Hydrodynamic controls on alluvial ridge construction and avulsion likelihood in meandering river floodplains

A. P. Nicholas, R. E. Aalto, Greg Sambrook-Smith, A. C. Schwendel

Research output: Contribution to journalArticlepeer-review

3 Citations (Scopus)
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Existing models of alluvial stratigraphy often neglect the hydrodynamic controls on channel belt and floodplain sedimentation, and predict avulsion using topographic metrics, such as channel belt super-elevation. This study provides a first demonstration of the potential for simulating long-term river floodplain evolution (over >500 floods) using a process-based hydrodynamic model. Simulations consider alluvial ridge construction during the period leading up to an avulsion, and assess the controls on avulsion likelihood. Results illustrate that the balance between within-channel and overbank sedimentation exerts a key control on both super-elevation ratios and on the conveyance of water and sediment to the floodplain. Rapid overbank sedimentation creates high alluvial ridges with deep channels, leading to lower apparent super-elevation (the ratio of ridge height to channel depth), and implying reduced avulsion likelihood. However, channel deepening also drives a reduction in channel belt-floodplain connectivity, so that conveyance of water to the distal floodplain is concentrated in a declining number of channel breaches, which may favor avulsion. These results suggest that while super elevation ratios in excess of a threshold value may be a necessary condition for a meandering river avulsion, avulsion likelihood may not be greatest where the super elevation ratio is maximised. Instead, optimal conditions for avulsion may depend on channel-floodplain hydrodynamic connectivity, determined by the balance between coarse (channel bed forming) and fine (floodplain constructing) sediment delivery. These results highlight a need to rethink the representation of avulsion in existing models of alluvial architecture.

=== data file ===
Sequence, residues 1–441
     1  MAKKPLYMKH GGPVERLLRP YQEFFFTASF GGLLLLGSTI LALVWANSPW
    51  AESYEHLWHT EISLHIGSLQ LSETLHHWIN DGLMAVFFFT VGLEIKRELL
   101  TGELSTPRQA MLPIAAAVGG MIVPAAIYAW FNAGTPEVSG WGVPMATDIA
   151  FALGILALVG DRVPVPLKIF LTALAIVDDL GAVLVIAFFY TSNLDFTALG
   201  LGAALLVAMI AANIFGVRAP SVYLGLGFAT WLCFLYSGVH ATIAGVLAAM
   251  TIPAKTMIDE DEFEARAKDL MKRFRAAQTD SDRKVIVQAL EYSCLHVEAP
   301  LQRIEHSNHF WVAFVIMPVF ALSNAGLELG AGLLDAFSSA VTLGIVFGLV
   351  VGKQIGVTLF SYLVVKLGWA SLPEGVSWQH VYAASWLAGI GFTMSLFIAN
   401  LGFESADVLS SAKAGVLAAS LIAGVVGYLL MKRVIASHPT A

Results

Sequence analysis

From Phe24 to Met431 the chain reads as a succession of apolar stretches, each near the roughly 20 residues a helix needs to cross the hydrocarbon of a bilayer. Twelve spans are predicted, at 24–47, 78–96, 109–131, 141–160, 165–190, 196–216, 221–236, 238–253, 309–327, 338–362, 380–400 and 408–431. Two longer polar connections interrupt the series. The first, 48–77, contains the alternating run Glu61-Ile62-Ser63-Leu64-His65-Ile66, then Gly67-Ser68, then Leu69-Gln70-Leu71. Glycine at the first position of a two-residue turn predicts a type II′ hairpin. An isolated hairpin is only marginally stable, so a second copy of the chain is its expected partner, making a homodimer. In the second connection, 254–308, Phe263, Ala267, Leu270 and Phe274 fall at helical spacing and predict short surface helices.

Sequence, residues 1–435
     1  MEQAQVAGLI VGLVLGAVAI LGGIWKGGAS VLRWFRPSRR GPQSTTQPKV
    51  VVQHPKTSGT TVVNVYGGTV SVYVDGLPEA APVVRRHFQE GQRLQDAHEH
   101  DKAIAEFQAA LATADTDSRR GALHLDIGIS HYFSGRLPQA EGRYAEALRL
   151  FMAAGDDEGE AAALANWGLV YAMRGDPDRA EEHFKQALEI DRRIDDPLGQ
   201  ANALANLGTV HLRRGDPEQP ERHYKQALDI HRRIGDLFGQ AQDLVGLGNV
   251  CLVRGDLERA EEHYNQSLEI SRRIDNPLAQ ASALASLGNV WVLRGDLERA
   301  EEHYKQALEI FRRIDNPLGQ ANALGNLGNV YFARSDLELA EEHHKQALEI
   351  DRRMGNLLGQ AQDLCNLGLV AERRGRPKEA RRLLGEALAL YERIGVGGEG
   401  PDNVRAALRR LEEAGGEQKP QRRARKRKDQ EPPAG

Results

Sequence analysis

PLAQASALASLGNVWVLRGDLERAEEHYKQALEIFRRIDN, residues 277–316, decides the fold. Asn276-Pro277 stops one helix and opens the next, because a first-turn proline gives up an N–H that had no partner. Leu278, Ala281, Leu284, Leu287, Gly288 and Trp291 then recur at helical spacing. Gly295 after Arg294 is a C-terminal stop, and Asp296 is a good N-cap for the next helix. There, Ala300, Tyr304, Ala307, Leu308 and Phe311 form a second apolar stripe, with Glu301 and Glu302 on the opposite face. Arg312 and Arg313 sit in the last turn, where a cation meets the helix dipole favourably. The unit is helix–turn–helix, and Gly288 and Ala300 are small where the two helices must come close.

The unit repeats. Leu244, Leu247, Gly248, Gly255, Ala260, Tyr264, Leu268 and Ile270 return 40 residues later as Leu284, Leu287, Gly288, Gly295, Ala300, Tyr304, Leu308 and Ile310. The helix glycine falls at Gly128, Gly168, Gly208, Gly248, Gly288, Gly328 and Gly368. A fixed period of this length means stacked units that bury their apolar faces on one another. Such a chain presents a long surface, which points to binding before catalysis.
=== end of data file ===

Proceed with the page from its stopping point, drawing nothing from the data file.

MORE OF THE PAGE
Original languageEnglish
Pages (from-to)639-642
Issue number7
Early online date12 Jun 2018
Publication statusPublished - Jul 2018


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